Don't miss the big stories. Like us on Facebook.  

In less than two months, dwelling fires in Southern Vermont have led to tragic endings for occupants and left questions for the community.

A fire at McNeill’s Brewery on Friday claimed the life of founder and owner Ray McNeill, who was living in an apartment on the property. Officials are waiting on an autopsy for the cause of death.

Brattleboro Fire Chief Len Howard said the cause of the fire will remain undetermined and will not be investigated.

“A lot of the times it’s because there’s obviously many things that could have caused the fires,” he said. “When you can’t eliminate any of those causes, you must go undetermined.”

The investigation of a fire at a home in the retirement community known as Black Mountain Estates on May 29 came to the same conclusion, Howard said. Several pets were killed in the fire.

Eve Nyrhinen, McNeill’s daughter, took to Facebook to tell the community that despite the structural instability of the building and first responders not being able to go inside in the case of an emergency, her father decided to stay in the building. She said he had an extensive sprinkler system, and there hadn’t been a fire during his decades there.

“Anyone who loved him knew that you couldn’t tell that man what to do,” she wrote.

Nryhinen explained that McNeill had plans to renovate the bar, which had been closed since the COVID-19 pandemic. He “booked a tiny beach house in Baja, and planned to drive out here to Reno to spend some time with his grandkids and then drive on to there,” according to the post.

“He drained the sprinkler system, so the pipes wouldn’t freeze while he was gone,” Nyrhinen wrote. “He had ‘a few more errands’ to do, and there were storms rolling into the Rockies and around Reno this weekend, so he stayed a few extra days. It never occurred to anyone that it was unsafe for him to stay in his apartment after the sprinkler system had been drained.”

Nryhinen suspects the fire likely started from an old multiport electrical outlet behind her father’s television next to stacks of magazine. She believes he was probably asleep when the fire occurred, as he told several people he was going to bed shortly beforehand.

“I was an EMT in college, and the one cardinal, inviolable rule was that you do not proceed onto a scene until it is cleared for safety,” she wrote. “You cannot risk losing a second life. My heart goes out to the firefighter who had to climb back down that ladder and tell the crowd they’d done everything they could. As a doctor, I remember the names and families of every patient I have failed to save. Each one was followed by months where I tortured myself with alternate scenarios where they might have lived.”

Support our journalism. Subscribe today. →

Nryhinen advised community members to “extend your love and support to the Brattleboro Fire Department. They followed protocol. They made decisions that might have prevented losing a second young hero’s life.”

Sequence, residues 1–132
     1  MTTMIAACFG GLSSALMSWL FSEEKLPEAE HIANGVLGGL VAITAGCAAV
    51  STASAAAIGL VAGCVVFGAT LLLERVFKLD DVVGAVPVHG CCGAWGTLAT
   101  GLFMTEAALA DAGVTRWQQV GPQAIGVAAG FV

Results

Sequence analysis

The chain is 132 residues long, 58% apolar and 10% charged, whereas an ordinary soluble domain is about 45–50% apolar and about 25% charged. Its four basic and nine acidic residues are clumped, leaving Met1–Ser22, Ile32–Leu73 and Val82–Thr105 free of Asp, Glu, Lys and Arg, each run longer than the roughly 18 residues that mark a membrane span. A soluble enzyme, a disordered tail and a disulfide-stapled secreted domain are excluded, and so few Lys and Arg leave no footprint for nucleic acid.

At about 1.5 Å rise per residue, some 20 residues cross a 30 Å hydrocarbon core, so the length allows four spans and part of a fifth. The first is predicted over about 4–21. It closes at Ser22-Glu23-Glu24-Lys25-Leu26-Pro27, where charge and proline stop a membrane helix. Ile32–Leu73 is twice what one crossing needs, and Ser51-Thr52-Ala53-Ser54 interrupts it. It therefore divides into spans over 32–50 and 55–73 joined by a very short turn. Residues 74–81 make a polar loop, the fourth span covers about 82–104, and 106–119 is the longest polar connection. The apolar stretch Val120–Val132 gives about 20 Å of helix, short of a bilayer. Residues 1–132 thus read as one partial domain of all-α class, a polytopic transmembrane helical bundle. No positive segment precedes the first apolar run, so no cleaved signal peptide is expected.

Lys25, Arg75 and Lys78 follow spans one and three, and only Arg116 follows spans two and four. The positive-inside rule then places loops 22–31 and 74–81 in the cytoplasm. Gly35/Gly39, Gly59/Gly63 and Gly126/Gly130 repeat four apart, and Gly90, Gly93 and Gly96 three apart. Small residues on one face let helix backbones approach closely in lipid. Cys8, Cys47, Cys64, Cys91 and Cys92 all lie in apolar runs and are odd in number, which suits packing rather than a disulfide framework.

In an interview Monday, Howard acknowledged the seemingly high number of fatal fires in the region in the last few weeks.

Early Friday morning, a yet-to-be-identified woman was killed in a fire in a single-family residence in Readsboro. The Vermont State Police said the extensive amount of damage limited the investigators in their ability to determine the origin and cause of the fire event, however, the fire does not appear to be the result of a criminal act. The homeowner was not at home at the time of the fire.

A fatal fire occurred at an A-frame seasonal camp site in East Dover on Nov. 15, and a body was found two days later.

“We won’t have information on the identity for a long time,” Michelle Mann, office manager for the Dover Police Department, said Monday. “I don’t know how long to get an answer on the cause.”

An explosion in a Newfane home killed Russell A. Buzby on Nov. 18. His home erupted in flames during the early morning hours, with neighbors reporting they heard a loud explosion and then saw flames. Several other smaller explosions also were reported.

“The investigation is ongoing,” said Adam Silverman, public information officer for the Vermont State Police. “We will send an updated [news] release when there is further information to share.”

Fire departments in the U.S. responded to a fire every 23 seconds in 2020, according to the American Chemistry Council’s North American Flame Retardant Alliance. That year, firefighters responded to about 1.4 million fires resulting in 3,500 civilian fire fatalities and an estimated $29.1 billion in property damage.

Red Cross suggests installing smoke alarms on every level of a home, inside bedrooms and outside sleeping areas; testing smoke alarms every month; and talking with all family members about a fire escape plan and practicing the plan twice a year. If a fire occurs inside a home, the organization advises people to get out, stay out and call for help.

The National Fire Protection Association recommends staying in the kitchen when cooking, giving space heaters at least 3 feet of room from anything that can burn and turning them off while sleeping, smoking cigarettes or other products outside, keeping matches and lighters out of reach of children, inspecting electrical cords and replacing those with damage or cracks, keeping candles at least 1 foot from anything that can burn and installing sprinklers.


If you'd like to leave a comment (or a tip or a question) about this story with the editors, please email us.
We also welcome letters to the editor for publication; you can do that by filling out our letters form and submitting it to the newsroom.